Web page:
Roberts held that the NLRB's decision was not supported by the evidence before the Board.[1] Although the Board had alleged that the evidence supported only one conclusion, this allegation was also not supported by the evidence.[1] The majority concluded that since no negotiations were pending and no new meetings were scheduled, there was no "negotiating" going on and hence the employer's plant shut-down did not violate the NLRA.[2] Furthermore, since the employer had offered to hire some men back, clearly there had been no refusal to bargain.[2] The employer's decision to rehire some of the "old men" by contracting with them individually was also not a violation of the Act.[3]


Associate Justice Hugo Black dissented, joined by Associate Justice Stanley Forman Reed. No dissenting opinion was filed.


The case was one of the first clear-cut defeats for the NLRB before the Supreme Court, after an unprecedented string of 15 successes.[4] The decision placed significant limitations on the ability of unions to engage in collective action.[5][6] The Sands Court also upheld the right of an employer to violate the NLRA so long as the union had already acted illegally.[6] The Court rejected the union's good faith effort to interpret its contract, which led to the strike. Only the Court's interpretation of the contract mattered, the majority concluded,[7] and strikes over differences of interpretation of the contract were no longer protected activity.[7][8] The "employer's overriding right to unimpeded access to labor was held to justify its unilateral action to resolve an impasse in its favor."[8]

Along with National Labor Relations Board v. Fansteel Metallurgical Corp., 306 U.S. 240 (1939) and National Labor Relations Board v. Columbian Enameling & Stamping Co., 306 U.S. 292 (1939), the decision has been called one of the three most significant NLRB cases since National Labor Relations Board v. Jones & Laughlin Steel Corporation, 301 U.S. 1 (1938) upheld the NLRA's constitutionality.[4] The three cases also expanded the way the Court interpreted the NLRA. Although the justices had previously interpreted the Act solely through the lens of the Commerce Clause (showing strong deference to the Board), now the Court evinced a willingness to apply evidentiary standards to the Board's actions and to impose a less radical interpretation on the law.[9]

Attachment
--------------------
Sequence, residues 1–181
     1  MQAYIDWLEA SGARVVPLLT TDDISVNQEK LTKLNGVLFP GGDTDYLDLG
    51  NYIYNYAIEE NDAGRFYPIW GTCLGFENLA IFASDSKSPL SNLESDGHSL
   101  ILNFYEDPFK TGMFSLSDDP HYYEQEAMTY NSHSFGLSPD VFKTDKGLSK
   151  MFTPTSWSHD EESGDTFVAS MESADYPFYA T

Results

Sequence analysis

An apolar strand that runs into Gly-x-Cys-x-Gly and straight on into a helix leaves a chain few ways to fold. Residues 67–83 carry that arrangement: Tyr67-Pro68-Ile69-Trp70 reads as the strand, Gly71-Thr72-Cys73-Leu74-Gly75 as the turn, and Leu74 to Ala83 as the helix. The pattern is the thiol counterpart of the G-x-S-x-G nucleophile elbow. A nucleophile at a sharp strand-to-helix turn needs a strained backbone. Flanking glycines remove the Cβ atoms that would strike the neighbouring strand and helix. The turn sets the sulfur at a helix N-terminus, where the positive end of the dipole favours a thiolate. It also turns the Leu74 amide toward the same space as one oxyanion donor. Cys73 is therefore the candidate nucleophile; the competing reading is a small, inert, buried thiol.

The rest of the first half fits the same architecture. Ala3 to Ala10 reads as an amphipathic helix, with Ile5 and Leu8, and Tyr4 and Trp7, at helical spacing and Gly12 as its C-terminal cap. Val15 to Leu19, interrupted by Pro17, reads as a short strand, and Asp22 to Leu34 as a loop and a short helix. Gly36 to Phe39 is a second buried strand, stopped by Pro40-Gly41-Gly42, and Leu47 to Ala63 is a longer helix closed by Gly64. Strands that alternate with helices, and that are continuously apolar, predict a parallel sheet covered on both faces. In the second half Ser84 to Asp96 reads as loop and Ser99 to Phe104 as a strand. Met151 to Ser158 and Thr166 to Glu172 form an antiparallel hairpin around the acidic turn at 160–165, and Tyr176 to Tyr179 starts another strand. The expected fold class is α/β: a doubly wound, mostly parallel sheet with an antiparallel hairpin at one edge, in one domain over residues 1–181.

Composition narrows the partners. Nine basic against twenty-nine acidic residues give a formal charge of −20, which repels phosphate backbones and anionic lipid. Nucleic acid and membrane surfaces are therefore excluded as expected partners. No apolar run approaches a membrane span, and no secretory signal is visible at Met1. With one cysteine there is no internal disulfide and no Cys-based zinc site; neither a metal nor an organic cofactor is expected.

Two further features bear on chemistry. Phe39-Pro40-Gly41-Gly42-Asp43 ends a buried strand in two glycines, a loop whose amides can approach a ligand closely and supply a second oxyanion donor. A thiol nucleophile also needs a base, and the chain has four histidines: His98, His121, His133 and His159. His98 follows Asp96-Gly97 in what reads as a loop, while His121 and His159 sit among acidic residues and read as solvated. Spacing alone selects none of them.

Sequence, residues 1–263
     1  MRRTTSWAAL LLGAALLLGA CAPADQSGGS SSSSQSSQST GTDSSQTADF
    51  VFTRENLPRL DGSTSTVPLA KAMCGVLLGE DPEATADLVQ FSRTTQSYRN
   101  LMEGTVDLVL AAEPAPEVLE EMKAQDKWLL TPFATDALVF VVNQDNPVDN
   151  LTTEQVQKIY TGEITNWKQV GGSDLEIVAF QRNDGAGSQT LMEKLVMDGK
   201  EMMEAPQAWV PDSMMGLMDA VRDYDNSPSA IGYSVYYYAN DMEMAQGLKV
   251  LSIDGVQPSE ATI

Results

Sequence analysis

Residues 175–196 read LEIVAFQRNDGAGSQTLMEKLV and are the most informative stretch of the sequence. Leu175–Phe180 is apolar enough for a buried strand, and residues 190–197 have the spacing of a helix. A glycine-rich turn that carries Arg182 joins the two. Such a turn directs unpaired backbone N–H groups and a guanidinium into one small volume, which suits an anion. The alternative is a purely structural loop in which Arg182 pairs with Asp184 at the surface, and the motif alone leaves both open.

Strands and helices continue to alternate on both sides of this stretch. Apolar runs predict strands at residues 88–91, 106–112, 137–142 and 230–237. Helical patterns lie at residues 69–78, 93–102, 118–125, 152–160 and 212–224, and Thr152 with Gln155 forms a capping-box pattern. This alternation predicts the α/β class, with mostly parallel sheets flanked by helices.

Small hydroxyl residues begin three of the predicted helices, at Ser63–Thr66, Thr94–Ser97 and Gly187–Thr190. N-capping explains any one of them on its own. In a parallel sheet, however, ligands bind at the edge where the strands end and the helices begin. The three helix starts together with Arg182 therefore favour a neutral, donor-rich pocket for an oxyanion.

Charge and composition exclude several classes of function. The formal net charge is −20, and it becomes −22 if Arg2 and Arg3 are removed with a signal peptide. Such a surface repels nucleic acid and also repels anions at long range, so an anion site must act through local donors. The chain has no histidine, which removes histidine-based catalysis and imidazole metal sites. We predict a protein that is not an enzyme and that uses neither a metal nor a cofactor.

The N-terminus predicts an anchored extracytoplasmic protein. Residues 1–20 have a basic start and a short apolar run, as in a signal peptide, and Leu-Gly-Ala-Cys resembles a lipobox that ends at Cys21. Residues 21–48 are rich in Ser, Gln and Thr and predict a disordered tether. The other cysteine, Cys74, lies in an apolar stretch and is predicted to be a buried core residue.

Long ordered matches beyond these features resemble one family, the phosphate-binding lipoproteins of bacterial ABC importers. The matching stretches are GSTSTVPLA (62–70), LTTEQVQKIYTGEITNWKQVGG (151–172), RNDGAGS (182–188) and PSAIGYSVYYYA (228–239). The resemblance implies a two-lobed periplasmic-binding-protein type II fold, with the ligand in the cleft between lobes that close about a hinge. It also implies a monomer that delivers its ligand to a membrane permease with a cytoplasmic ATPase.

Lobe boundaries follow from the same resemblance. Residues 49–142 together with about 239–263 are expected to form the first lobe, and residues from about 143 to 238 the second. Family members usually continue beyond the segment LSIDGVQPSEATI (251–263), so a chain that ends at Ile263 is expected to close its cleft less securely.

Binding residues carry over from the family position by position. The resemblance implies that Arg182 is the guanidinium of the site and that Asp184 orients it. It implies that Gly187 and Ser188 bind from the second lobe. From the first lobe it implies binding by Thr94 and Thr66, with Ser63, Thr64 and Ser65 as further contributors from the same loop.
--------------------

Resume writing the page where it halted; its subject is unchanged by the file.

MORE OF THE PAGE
1. ^ a b National Labor Relations Board v. Sands Manufacturing Co., 306 U.S. 332, 339.
  2. ^ a b National Labor Relations Board v. Sands Manufacturing Co., 306 U.S. 332, 344.
  3. ^ National Labor Relations Board v. Sands Manufacturing Co., 306 U.S. 332, 345.
  4. ^ a b Gross, p. 83.
  5. ^ Atleson, p. 192; Klare, p. 303-304.
  6. ^ a b Tomlins, p. 260.
  7. ^ a b Lichtenstein and Harris, p. 145.
  8. ^ a b Engerman and Gallman, p. 683.
  9. ^ Ross, p. 150.


  • Atleson, James B. Labor and the Wartime State: Labor Relations and Law During World War II. Urbana, Ill.: University of Illinois Press, 1998.
  • Engerman, Stanley L. and Gallman, Robert E. The Cambridge Economic History of the United States. New York: Cambridge University Press, 2000.
  • Gross, James A. The Reshaping of the National Labor Relations Board: National Labor Policy in Transition, 1937-1947. Albany, N.Y.: State University of New York Press, 1981.
  • Klare, Karl. "Judicial Deradicalization of the Wagner Act and the Origins of Modern Leagl Consciousness." Minnesota Law Review. 62:265 (1978).
  • Lichtenstein, Nelson and Harris, Howell John. Industrial Democracy in America: The Ambiguous Promise. Washington, D.C.: Woodrow Wilson Center Press, 1993.
  • Ross, William G. The Chief Justiceship of Charles Evans Hughes: 1930-1941. Columbia, S.C.: University of South Carolina Press, 2007.
  • Tomlins, Christopher. The State and the Unions: Labor Relations, Law, and the Organized Labor Movement in America, 1880-1960. Reprint ed. New York: Cambridge University Press, 1985.